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Ossuary of Unwanted Objects

Part 1 Project 2010
Jonathon Phillips
Liverpool John Moores University, UK
This project was inspired by two observations made whilst watching Carl Dreyer’s Ordet:

1. The constant state of flux created within each scene by the continuous motion of the camera.

2. The use of Chiaroscuro to slice through, separate and highlight objects within space.

To explore the first of these observations I used a forgotten tram route to orbit the site as a strategy to record moments of my journey through the lens of my camera. The lens became a frame in which a series of images manifested and dissolved as I stopped at various points that inspired me to take a photograph. A series of diagrams were created, superimposed onto the site and then manipulated to express the forces observed within Ordet. The resultant diagram expresses my own movements through space that carve out an imaginary solid within the site. Within this solid, architectural space becomes manifest through the remaining geometries.

My response to the concept was driven by the idea of the frame as a device of manifestation. When applied within the social context of the city the idea became analogous with the shop window, where consumer desires are manifest by the manipulative framing of products. The negative side effects of such practices are well known; never in human history have we consumed so many useless objects. To perhaps curb the trends of our consumerist culture my programmatic response was to consider an UpCycling Centre where some of the unwanted and discarded products of the city could be UpCycled and also exchanged within an ‘Ossuary of
Unwanted Objects’.

To highlight the significance of the ossuary the idea of Chiaroscuro comes into play using sunlight that is reflected off the Southern Elevation via chrome plated sun scoops integrated into the precast concrete wall. The sunlight slices through the ossuary, and then hits the back of a wall consisting of varying degrees of translucency. This dynamic threshold depicts the blurred photographs of my initial explorations and becomes the first of a series of vertical and horizontal layers that appear to be separated by light as the sun moves across the sky.

Jonathon Phillips

Ossuary of Unwanted Objects

Jonathon has been an outstanding student in every respect. His design ability is of the highest order: fluid, inquisitive, responsive and always underpinned by an independent and intellectual stance. He has distinctly inspired his peers and tutors alike.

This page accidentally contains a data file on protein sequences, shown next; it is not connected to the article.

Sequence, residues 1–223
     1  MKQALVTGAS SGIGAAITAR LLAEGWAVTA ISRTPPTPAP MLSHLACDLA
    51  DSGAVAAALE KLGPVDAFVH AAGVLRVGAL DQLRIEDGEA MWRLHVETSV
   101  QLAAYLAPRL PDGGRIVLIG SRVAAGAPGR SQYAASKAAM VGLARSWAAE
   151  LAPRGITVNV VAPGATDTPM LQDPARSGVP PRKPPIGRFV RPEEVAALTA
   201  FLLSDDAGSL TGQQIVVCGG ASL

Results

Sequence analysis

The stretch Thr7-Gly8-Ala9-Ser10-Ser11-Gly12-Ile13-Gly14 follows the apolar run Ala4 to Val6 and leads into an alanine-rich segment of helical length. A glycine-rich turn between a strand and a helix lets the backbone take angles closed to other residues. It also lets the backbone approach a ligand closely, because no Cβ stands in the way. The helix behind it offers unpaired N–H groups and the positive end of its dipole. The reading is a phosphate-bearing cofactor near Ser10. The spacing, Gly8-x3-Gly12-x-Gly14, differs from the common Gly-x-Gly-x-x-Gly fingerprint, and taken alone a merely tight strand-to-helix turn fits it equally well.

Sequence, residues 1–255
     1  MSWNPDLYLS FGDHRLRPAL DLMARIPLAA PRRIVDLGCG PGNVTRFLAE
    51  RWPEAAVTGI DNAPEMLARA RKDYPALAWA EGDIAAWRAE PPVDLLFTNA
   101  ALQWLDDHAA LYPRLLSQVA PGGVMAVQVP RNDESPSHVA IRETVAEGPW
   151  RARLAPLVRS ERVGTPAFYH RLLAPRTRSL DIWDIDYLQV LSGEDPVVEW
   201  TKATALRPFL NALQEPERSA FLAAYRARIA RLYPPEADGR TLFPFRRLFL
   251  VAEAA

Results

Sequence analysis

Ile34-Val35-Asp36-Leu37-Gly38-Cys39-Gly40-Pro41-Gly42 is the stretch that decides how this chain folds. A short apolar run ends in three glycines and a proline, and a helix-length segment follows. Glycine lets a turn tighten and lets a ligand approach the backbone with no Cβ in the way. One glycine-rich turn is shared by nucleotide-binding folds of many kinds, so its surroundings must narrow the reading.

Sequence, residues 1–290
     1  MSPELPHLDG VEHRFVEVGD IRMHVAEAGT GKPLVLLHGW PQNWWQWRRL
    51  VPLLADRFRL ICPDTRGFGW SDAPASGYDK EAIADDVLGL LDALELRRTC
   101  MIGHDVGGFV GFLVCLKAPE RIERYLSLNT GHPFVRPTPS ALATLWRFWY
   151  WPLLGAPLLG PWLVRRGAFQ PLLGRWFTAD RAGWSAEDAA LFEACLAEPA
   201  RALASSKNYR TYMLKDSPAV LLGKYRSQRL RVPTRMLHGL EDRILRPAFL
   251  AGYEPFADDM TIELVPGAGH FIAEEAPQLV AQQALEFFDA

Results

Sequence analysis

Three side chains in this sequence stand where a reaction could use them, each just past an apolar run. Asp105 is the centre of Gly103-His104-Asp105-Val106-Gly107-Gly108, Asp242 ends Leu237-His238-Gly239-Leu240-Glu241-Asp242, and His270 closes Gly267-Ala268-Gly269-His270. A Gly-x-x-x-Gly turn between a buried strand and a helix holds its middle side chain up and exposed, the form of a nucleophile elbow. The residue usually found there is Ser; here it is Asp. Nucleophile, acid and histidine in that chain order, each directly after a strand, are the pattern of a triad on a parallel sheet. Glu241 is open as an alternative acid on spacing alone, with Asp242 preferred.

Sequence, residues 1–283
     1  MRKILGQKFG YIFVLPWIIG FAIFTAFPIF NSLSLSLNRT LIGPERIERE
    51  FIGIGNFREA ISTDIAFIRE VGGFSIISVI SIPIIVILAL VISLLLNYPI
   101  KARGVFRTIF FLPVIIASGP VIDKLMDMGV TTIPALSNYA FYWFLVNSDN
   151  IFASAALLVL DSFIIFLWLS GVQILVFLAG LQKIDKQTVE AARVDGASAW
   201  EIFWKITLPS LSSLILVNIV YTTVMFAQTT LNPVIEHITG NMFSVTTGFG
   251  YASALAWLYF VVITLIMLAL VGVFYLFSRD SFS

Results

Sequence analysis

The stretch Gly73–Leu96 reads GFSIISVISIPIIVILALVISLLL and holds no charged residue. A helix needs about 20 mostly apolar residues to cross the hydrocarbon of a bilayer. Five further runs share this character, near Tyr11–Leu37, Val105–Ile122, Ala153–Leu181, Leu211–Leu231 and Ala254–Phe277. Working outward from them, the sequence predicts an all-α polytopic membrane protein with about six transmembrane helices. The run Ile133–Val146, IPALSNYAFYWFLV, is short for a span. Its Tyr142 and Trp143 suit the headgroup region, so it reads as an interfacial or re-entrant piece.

The concluding semester’s programme provided him with a vehicle to explore the relationship between Film and Architecture. His thematic journey assimilated the worlds of the past (his humble acknowledgement of the loss of the tram network in Liverpool), light (Caravaggio - the exploitation of chiaroscuro) and the suspension of belief (the work of Dreyer) yielded an impetus to explore the transition between the ethereal into the palpable through a process of ‘montage’.

The project provides a place for recollection, reflection and capturing memories for the inhabitants of the city – an apt symbolic act that evokes the loss of what was once the first library in Liverpool located across the street. This gesture attempts to allure in a renewed fashion, the preservation and the exchange of culture beyond the emptiness of the ever-increasing presence of the digital world.

Harnessed sunlight is orchestrated to strike in a number of ways against prismatic elements embedded in the various chambers, creating a multitude of light experiences that generate an almost spiritual aura within them. The interplay between light and darkness serve to accentuate the presence of thresholds through the various chambers.

These techniques and processes of design investigation mirror the world of cinematography and bring to the surface transitory spaces that are spatially memorable as a series of mise-en-scène compositions.

Ms Gladys Masey-Martinez
Mr Philip Lo
• Page Hits: 20265         • Entry Date: 20 July 2010         • Last Update: 09 September 2010